In light of such powerful evidence, why is it that the majority of political leaders in Ireland refrain from demanding much greater equality? Perhaps it is their ignorance of the facts Wilkinson and Pickett so compellingly marshal. Perhaps they continue to believe, contrary to the evidence, that social ills are a function of overall national income rather than its pattern of distribution. Many of them seem to think that policies for greater equality would scare off investors, without enquiring how it is that capitalists continue to invest in societies that are much more equal than ours. Or perhaps they think – and may be correct in thinking – that until a much larger proportion of Irish citizens demand more equality, there is no electoral advantage in proposing it. One thing for sure is that Wilkinson and Pickett’s evidence needs to be much more widely disseminated within Ireland if the movement for greater equality is to be strengthened.
Although The Spirit Level is a powerful, brilliant book, it has some limitations. Much of the book is concerned with explaining how inequality causes poor health and other social ills, and some of the explanations are more speculative than others. The dominant, overall explanation is that income inequalities are closely related to status inequalities, and that in modern societies inequality of status exacerbates social ills by increasing levels of stress and distrust throughout the social hierarchy. That is on the whole a persuasive explanation, but in individual chapters the explanation is not always so clear and convincing. For example, in chapter 8 the authors examine the link between inequality and educational performance. They provide very strong reasons for why educational attainment is worse among the worst-off groups in unequal societies than in more equal ones. But they do not seem to provide a clear explanation of why it is worse across the whole social hierarchy than in more equal societies.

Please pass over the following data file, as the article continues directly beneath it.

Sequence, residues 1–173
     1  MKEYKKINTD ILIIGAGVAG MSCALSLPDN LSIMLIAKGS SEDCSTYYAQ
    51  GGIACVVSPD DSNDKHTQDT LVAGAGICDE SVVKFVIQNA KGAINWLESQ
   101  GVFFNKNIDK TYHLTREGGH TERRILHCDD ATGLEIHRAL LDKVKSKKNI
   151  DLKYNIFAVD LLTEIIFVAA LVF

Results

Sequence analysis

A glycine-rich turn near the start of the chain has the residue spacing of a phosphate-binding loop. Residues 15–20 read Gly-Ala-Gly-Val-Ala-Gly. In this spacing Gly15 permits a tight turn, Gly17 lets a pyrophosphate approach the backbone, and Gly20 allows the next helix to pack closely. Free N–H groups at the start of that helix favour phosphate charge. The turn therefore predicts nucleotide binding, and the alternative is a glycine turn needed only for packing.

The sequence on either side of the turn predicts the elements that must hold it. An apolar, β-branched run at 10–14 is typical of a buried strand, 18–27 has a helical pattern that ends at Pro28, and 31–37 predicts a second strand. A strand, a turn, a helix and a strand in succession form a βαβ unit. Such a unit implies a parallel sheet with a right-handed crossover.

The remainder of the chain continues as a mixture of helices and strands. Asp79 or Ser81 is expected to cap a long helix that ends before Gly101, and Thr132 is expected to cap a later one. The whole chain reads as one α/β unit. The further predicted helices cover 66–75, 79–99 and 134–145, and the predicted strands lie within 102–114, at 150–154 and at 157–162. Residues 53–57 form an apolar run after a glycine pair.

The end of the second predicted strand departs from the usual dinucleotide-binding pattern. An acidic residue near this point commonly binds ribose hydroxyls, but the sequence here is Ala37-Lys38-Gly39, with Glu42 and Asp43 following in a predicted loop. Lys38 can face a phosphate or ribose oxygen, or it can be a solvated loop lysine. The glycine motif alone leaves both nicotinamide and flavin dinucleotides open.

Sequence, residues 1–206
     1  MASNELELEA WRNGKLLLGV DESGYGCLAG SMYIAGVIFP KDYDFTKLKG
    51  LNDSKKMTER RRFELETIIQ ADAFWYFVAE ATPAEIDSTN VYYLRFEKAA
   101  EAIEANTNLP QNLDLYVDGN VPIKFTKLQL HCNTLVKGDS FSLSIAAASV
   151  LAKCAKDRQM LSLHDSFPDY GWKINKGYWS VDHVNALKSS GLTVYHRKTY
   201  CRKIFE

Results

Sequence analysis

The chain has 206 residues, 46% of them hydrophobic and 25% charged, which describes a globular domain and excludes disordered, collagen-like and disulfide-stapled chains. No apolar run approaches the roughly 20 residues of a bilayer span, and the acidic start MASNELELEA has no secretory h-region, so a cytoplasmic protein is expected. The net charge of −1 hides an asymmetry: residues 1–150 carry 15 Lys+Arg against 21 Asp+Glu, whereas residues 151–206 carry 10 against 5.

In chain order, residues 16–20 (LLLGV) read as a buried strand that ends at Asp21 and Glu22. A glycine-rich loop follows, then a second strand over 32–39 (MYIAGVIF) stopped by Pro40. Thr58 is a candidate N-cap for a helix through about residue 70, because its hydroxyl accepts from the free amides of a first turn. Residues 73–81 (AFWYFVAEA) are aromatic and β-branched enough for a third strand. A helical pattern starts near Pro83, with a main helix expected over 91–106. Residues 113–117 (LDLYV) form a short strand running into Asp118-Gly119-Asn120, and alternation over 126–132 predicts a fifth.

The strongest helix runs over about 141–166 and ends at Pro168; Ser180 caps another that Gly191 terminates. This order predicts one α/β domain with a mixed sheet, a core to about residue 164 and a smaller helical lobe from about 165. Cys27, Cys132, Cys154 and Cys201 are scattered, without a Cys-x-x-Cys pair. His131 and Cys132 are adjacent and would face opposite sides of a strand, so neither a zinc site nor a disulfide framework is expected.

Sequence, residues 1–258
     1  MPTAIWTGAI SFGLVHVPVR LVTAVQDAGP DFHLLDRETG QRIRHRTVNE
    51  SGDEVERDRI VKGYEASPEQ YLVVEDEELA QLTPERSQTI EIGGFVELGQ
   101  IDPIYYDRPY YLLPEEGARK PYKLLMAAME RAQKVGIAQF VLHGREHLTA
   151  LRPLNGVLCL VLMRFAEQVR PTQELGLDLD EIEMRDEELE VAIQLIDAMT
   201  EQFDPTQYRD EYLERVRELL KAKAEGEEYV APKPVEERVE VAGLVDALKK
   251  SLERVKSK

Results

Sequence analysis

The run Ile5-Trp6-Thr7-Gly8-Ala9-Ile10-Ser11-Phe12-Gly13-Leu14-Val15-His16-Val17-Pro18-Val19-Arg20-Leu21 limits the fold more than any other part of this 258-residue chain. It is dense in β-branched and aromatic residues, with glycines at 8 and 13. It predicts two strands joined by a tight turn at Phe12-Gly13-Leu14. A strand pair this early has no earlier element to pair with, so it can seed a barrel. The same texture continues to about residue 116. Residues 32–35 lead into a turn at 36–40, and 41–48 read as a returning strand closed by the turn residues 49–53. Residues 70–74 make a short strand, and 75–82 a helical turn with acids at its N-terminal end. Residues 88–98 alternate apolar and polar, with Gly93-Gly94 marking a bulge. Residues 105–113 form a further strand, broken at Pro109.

A related limitation is the book’s relationship to the multidimensional and socially plural nature of inequality. Wilkinson and Pickett’s central argument relies on the connection between inequality of income and inequality of status, with inequalities of power, working conditions and personal relationships also playing their parts in different sections of the analysis. The groups they primarily compare are income groups (specifically different fifths of the distribution), although they occasionally look at gender and ethnicity. At the level of generality of their analysis, the fact that income inequalities do not always track those of status, power and care is not a major issue. Nor does their relative neglect of issues related to gender, ethnicity, disability, age and sexual orientation weaken the overall case they make for greater income equality. (They do show that there is a general, significant relationship between income inequality and gender inequality but their measure of gender inequality is limited, and they admit that there are major exceptions to the trend e.g. Japan and Italy.) But these issues do matter when one shifts from the specific issue of the benefits of income equality to the broader challenge of building a movement for egalitarian change. Such a movement needs to include a role for social groups whose claims for equality are not necessarily directly or closely linked to – and certainly not exhausted by – the objective of greater equality of income: women, ethnic minorities, disabled people, LGBT people, older people and children. Their equality claims may well involve issues of economic redistribution, but they also involve recognition, power, inequalities of working and learning and issues of love and care (see Baker et al., Equality: From Theory to Action). Wilkinson and Pickett rightly argue that nearly everyone would benefit from greater equality of income. But when we link that egalitarian demand to those others, it becomes even clearer that what they call the ‘river of human progress’ towards greater equality is a positive-sum game that holds out a brighter future for all of us.
John Baker is a senior lecturer at the Equality Studies Centre, UCD School of Social Justice